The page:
A Treatise on Jonathan Edwards Continuous Creation and ChristologyWritten by S. Mark Hamilton Reviewed By Robert W. Caldwell III
In this slim yet meaty volume, S. Mark Hamilton attempts to resolve a thorny question found in the thickets of Jonathan Edwards’s philosophical theology: how do we reconcile an apparent inconsistency between his doctrine of continuous creation and his Christology? In answering this question Hamilton basically forges a new framework for understanding Edwards’s metaphysics by drawing together Edwards’s ontology with his Christology, an area that has not received much attention from scholars. All this packaged in a volume of just a hundred pages makes Hamilton’s Treatise a gem of a work that any serious student of Edwards must obtain.
Hamilton is a research associate at the Jonathan Edwards Society. He has written numerous illuminating and technical studies on Edwards’s philosophy, Christology, and soteriology. In this volume he tackles a vexing problem found at the intersection of Edwards’s doctrines of creation and Christology. As is generally known, Edwards affirmed the doctrine of continuous creation, or the view that the created order is brought into existence ex nihilo every moment before it drops back into nothingness, only to be re-created by God in the next moment. Hamilton notes that if we apply this doctrine to the humanity of Christ, we run into serious issues of compatibility with historic, Christological orthodoxy. The Christology of the early councils affirmed that the eternal Son assumed a reasonable soul and body and continuously maintains his hypostatic union with the man Jesus (p. 78). How can Edwards affirm the constancy of this union if the man Jesus continuously ceases to be, dropping out of existence moment by moment, only to be recreated at the next point in time? “For it follows on this way of thinking,” Hamilton observes, “that the created mind of Jesus is destroyed every moment, re-created every moment, and hypostatically re-united to the Son every moment” (pp. 55–56). Such a Christology, he suggests, is fraught with insurmountable difficulties.
Hamilton, however, does not believe that Edwards fell into these Christological conundrums because, he argues, Edwards did not apply the doctrine of continuous creation to created minds (pp. 26–27). In other words, Edwards extended the doctrine of continuous creation only to mundane, non-mental objects. By contrast, created minds, including the human mind of Jesus Christ, are real substances that persist through time. Hamilton’s proposal shows that Edwards’s Christology is indeed compatible with Chalcedonian Christology. It also possesses “Cartesian” overtones since it asserts there to be only three kinds of entities in Edwards’s world: God, created minds, and everything else.
To substantiate this thesis, and to demonstrate consistency across Edwards’s thought, Hamilton must make a few adjustments to what is currently understood about Edwardsean metaphysics. It is these adjustments that make up the bulk of the argument and lead readers into the depths of Edwards’s philosophical theology. Edwards does affirm immaterialism, Hamilton notes, but it is a type of immaterialism—“immaterial realism”—which leaves room for the persistence of substantial, created minds that are not re-created moment by moment (pp. 20–27). Edwards does affirm the continuous creation of mundane objects, but past copies of an entity do not drop completely out of existence but are “archived” like past frames of a film strip tucked away on the receiving reel of an old-fashioned movie projector (p. 56). Because of this, Edwards can still be categorized as a four-dimensionalist with regard to his understanding of time (pp. 30–31). Regarding causality, Edwards was an occasionalist “of sorts,” but Hamilton nuances this by revealing how a type of secondary causality continues to operate in Edwards’s understanding of the world (pp. 47–50).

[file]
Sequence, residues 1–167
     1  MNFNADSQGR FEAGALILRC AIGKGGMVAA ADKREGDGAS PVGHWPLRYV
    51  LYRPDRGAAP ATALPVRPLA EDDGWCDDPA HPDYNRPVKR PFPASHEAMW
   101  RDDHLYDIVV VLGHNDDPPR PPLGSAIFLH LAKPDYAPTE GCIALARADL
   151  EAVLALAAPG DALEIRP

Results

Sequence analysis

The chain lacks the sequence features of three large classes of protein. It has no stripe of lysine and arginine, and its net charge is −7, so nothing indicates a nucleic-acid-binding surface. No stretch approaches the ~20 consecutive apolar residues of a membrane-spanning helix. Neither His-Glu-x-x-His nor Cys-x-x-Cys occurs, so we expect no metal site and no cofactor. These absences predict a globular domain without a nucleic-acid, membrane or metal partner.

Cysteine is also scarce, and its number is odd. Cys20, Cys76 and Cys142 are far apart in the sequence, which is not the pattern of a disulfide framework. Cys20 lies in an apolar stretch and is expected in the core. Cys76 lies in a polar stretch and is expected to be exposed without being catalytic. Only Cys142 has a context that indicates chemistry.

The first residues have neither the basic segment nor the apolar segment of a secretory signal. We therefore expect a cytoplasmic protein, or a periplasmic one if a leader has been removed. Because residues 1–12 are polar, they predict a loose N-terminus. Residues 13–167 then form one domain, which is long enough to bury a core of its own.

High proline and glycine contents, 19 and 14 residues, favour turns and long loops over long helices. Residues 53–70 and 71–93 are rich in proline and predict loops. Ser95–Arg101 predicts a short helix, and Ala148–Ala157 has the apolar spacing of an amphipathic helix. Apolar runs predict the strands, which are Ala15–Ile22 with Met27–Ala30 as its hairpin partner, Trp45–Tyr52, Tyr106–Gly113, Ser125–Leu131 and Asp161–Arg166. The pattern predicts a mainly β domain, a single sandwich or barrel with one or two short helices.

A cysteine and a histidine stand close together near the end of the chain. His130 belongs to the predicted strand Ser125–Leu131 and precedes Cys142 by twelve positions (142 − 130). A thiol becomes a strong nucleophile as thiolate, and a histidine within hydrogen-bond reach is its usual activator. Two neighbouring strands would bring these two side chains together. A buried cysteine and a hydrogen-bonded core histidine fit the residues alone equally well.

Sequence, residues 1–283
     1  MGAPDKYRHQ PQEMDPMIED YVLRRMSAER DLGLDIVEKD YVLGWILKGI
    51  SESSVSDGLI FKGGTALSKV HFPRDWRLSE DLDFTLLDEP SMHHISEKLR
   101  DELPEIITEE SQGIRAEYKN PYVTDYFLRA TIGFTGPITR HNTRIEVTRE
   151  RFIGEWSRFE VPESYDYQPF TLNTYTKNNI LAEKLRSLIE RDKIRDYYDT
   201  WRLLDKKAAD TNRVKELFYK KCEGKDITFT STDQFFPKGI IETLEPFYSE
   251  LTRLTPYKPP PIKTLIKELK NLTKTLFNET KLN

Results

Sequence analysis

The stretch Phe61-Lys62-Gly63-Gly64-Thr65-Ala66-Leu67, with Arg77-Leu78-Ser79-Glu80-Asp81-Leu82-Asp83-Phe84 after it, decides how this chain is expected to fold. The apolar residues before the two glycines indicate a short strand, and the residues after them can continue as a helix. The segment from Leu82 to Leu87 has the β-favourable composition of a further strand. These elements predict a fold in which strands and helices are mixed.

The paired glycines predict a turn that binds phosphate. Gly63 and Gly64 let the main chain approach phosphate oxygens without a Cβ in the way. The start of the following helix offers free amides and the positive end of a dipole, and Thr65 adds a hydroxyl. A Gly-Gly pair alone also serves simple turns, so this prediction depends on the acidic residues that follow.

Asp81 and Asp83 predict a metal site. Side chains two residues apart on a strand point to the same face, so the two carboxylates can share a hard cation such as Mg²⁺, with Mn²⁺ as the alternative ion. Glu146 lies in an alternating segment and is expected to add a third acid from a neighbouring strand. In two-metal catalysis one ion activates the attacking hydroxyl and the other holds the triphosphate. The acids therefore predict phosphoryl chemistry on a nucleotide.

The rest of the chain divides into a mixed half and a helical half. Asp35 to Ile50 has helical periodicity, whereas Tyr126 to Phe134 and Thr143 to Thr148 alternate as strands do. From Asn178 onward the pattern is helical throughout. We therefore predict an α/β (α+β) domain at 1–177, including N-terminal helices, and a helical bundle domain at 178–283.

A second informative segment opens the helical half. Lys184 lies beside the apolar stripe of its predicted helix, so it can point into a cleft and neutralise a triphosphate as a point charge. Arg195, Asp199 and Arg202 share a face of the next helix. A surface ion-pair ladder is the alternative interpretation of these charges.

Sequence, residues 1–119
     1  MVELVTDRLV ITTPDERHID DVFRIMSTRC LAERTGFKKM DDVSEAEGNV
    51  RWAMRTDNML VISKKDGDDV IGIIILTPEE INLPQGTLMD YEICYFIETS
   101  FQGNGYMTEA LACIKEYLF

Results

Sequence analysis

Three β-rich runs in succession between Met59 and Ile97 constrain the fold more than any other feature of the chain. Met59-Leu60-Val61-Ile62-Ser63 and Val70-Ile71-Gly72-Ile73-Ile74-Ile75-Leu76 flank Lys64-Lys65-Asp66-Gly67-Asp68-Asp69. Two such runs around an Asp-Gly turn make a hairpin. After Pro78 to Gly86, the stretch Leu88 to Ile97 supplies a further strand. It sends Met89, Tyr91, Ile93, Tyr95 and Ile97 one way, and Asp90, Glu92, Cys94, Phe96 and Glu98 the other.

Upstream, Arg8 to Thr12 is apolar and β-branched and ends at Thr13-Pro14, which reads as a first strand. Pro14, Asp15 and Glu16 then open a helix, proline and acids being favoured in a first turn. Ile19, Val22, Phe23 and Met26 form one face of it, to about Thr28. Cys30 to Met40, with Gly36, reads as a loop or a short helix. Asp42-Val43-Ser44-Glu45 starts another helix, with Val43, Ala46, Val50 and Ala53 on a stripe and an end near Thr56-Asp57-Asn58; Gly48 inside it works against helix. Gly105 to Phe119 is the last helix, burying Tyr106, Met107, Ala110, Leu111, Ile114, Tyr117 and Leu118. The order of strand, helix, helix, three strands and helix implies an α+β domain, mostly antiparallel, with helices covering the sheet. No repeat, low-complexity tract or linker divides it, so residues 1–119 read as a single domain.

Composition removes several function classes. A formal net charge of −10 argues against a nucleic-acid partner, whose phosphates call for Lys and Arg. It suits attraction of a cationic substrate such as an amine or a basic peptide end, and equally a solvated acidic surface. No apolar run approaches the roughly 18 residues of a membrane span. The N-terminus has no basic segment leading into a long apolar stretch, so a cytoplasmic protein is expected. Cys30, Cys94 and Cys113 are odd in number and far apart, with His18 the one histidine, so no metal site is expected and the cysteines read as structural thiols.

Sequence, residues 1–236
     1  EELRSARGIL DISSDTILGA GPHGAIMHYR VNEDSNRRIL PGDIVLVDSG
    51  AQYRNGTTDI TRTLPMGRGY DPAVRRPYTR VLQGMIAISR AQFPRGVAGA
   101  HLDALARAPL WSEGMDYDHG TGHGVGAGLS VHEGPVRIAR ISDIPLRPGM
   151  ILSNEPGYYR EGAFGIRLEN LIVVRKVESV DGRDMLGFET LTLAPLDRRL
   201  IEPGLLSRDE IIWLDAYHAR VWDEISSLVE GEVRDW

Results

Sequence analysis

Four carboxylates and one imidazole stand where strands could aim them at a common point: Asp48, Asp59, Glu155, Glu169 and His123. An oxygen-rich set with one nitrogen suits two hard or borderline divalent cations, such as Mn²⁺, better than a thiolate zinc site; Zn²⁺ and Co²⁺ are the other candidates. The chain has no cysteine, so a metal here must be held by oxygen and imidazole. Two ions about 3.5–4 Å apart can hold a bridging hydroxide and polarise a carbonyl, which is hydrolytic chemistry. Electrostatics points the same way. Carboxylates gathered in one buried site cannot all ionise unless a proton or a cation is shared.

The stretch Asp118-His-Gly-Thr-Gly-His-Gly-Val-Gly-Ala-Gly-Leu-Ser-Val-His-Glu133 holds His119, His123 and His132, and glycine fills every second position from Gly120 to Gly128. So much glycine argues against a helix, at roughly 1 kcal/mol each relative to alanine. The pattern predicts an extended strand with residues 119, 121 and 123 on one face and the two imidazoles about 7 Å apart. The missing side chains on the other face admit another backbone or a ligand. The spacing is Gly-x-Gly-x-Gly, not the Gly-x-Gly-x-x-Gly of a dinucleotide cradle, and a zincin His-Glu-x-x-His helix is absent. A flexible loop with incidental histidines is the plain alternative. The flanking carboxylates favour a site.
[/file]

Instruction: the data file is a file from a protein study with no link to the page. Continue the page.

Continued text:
If these terms and distinctions seem complex, remote, or even esoteric, they are because the book aims to address cutting-edge scholarship on the nature of Edwards’s philosophical theology. Would-be readers should possess a high level of philosophical and Christological sophistication to appreciate the argument. For a general audience, this is probably the biggest drawback of the book. Yet, to his credit, Hamilton skillfully explains these philosophical concepts in helpful ways that those less schooled in philosophy can appreciate. As with anything Edwards related, it takes sustained attention and careful analysis to understand the Northampton sage (or what others say about him) if one desires to reap any intellectual or spiritual benefit from the exercise. Hamilton’s Treatise is no different in this regard.
Having made this observation, I highly recommend this work. One of its significant achievements is the way the author employs the tools of current philosophical reflection to make the argument that Edwards’s views are consistent with historic, Christological orthodoxy. The secondary literature on Edwards’s philosophical theology in the last century is rife with progressive interpreters who find Edwards’s relationship to traditional Christian orthodoxy problematic. It is refreshing to find someone conversant with the technicality of contemporary discourse who argues otherwise.
Robert W. Caldwell III
Robert W. Caldwell III
Southwestern Baptist Theological Seminary
Fort Worth, Texas, USA
Other Articles in this Issue
Trinity, Creation, and Re-creation: A Comparison of Karl Barth and Herman Bavinck’s Trinitarian Doctrines of Creationby Jarred Jung
Karl Barth’s doctrine of creation, while rooted in his doctrine of the Trinity, errs in the way that creation is conflated into re-creation, resulting in a diminished doctrine of creation at the expense of his christological Trinitarianism...